|1. The treble clef is an old-fashioned
letter "G", and it curls round the second line of the stave,
indicating that a note on this line has the note name "G".
This is the "G" above middle "C", in the centre of the woman's
|2. The bass clef is an old-fashioned
letter "F", and it has the two dots either side of the fourth line,
indicating that a note on this line has the note name "F", the "F"
below middle "C", in the centre of a man's singing voice.|
|3. The C clef is simply a brace which straddles the line which is middle "C".
It is often called the alto clef and is nowadays only used by specific alto instruments such as the Viola.|
|4. The C clef is occasionally seen in different positions.
This simply indicates that middle "C" is the line the brace centres on.
This example is often called the tenor clef and is sometimes used by a 'Cello when playing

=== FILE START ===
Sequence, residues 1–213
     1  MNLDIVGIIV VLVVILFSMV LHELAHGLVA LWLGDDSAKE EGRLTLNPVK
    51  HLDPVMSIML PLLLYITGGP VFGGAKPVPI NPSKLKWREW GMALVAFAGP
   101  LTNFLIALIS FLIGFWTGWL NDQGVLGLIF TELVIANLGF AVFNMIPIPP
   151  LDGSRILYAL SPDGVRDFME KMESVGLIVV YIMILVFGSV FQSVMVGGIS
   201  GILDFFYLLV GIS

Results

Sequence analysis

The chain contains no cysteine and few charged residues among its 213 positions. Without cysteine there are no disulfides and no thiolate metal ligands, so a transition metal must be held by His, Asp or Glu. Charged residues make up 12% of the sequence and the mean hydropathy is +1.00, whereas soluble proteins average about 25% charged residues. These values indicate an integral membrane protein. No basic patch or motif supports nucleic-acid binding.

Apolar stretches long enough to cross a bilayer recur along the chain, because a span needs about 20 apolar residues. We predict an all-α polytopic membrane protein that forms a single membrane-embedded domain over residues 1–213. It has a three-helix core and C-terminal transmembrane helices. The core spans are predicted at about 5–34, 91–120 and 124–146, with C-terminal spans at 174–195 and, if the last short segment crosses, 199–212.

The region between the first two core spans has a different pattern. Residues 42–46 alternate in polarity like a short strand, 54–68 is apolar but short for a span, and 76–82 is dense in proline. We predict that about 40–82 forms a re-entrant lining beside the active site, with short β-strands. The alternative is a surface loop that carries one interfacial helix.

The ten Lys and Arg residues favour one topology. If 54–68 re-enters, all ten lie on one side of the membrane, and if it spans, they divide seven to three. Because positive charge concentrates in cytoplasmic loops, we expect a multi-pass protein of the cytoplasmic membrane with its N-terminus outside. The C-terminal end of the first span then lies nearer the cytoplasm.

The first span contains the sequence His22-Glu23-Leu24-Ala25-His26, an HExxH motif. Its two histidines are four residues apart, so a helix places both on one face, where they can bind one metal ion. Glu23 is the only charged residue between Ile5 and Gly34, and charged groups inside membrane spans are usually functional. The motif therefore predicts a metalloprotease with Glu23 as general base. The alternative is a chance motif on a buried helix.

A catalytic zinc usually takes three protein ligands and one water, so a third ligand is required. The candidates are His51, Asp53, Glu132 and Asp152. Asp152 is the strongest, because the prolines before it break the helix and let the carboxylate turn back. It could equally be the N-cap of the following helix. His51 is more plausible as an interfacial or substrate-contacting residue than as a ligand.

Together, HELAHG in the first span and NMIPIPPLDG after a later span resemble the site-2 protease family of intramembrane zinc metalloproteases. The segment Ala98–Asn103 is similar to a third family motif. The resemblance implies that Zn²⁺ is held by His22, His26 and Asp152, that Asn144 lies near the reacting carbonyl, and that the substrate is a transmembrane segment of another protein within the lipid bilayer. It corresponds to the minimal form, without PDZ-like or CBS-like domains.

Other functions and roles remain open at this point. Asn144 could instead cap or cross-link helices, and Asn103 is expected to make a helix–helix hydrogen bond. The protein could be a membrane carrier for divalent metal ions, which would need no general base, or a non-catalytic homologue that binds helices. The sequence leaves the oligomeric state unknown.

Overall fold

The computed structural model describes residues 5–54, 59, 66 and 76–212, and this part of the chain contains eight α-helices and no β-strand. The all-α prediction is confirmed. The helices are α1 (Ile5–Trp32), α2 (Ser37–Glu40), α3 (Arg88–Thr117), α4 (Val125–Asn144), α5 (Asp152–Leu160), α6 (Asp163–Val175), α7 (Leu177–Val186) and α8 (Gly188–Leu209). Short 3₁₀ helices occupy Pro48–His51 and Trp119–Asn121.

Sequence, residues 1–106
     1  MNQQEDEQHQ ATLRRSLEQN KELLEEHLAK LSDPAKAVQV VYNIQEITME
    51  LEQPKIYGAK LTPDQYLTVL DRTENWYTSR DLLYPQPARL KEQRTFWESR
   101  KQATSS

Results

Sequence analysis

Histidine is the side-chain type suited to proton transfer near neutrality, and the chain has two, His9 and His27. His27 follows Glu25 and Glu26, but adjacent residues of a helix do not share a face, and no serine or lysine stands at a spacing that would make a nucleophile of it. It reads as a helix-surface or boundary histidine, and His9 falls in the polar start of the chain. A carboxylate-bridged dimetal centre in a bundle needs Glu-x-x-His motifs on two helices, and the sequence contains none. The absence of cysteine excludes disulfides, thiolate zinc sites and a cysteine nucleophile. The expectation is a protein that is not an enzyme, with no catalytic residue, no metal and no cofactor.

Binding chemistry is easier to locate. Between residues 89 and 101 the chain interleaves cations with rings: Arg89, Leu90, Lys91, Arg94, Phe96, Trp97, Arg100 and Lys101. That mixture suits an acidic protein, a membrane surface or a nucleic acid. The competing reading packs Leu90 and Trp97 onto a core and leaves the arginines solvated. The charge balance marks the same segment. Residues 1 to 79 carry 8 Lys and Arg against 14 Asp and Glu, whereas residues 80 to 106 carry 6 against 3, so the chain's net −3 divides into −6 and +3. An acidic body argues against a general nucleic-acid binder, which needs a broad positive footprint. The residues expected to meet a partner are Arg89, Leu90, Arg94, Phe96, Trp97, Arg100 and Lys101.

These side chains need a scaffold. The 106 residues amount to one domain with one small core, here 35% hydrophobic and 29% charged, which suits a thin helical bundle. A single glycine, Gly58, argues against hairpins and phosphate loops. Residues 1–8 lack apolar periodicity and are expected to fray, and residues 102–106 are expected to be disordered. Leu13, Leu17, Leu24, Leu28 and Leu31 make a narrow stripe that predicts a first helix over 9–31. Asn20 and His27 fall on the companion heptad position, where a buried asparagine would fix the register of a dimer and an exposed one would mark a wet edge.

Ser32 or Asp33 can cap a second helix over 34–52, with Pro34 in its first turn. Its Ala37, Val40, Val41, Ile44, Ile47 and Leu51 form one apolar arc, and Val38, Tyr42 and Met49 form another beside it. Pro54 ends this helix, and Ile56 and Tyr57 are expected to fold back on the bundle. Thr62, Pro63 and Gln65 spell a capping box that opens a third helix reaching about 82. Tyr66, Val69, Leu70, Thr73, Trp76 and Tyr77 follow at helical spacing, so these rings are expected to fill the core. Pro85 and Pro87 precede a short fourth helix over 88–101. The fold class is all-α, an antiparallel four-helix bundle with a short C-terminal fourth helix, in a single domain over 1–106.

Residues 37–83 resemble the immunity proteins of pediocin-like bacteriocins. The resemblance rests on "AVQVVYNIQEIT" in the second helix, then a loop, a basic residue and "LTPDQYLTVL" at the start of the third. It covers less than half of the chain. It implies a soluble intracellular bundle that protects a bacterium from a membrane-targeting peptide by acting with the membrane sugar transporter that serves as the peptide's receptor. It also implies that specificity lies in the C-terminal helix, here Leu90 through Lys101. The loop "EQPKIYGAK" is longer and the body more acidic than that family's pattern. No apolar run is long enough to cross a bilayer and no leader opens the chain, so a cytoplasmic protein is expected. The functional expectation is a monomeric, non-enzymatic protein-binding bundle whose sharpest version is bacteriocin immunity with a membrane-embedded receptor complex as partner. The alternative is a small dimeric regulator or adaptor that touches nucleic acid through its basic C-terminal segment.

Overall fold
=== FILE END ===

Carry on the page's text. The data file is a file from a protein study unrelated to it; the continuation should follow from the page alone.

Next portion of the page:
in the upper part of its register.|
|5. Confusingly, this one is also called a tenor clef, but is only used for tenor voices. It is the same as the treble clef, but is read an octave down. The little "8" at the bottom of the tail is in fact often omitted, so that it looks exactly like a treble clef, but tenors knows that they should sing an octave down.|
Frequently Asked Question: Why do we bother with different clefs - they are just confusing!
Answer: It's because different voices and different instruments have different ranges, in other words, they can play different pitches of notes. The notes for a flute part could not be written on a stave with the same clef and the notes for a double bass.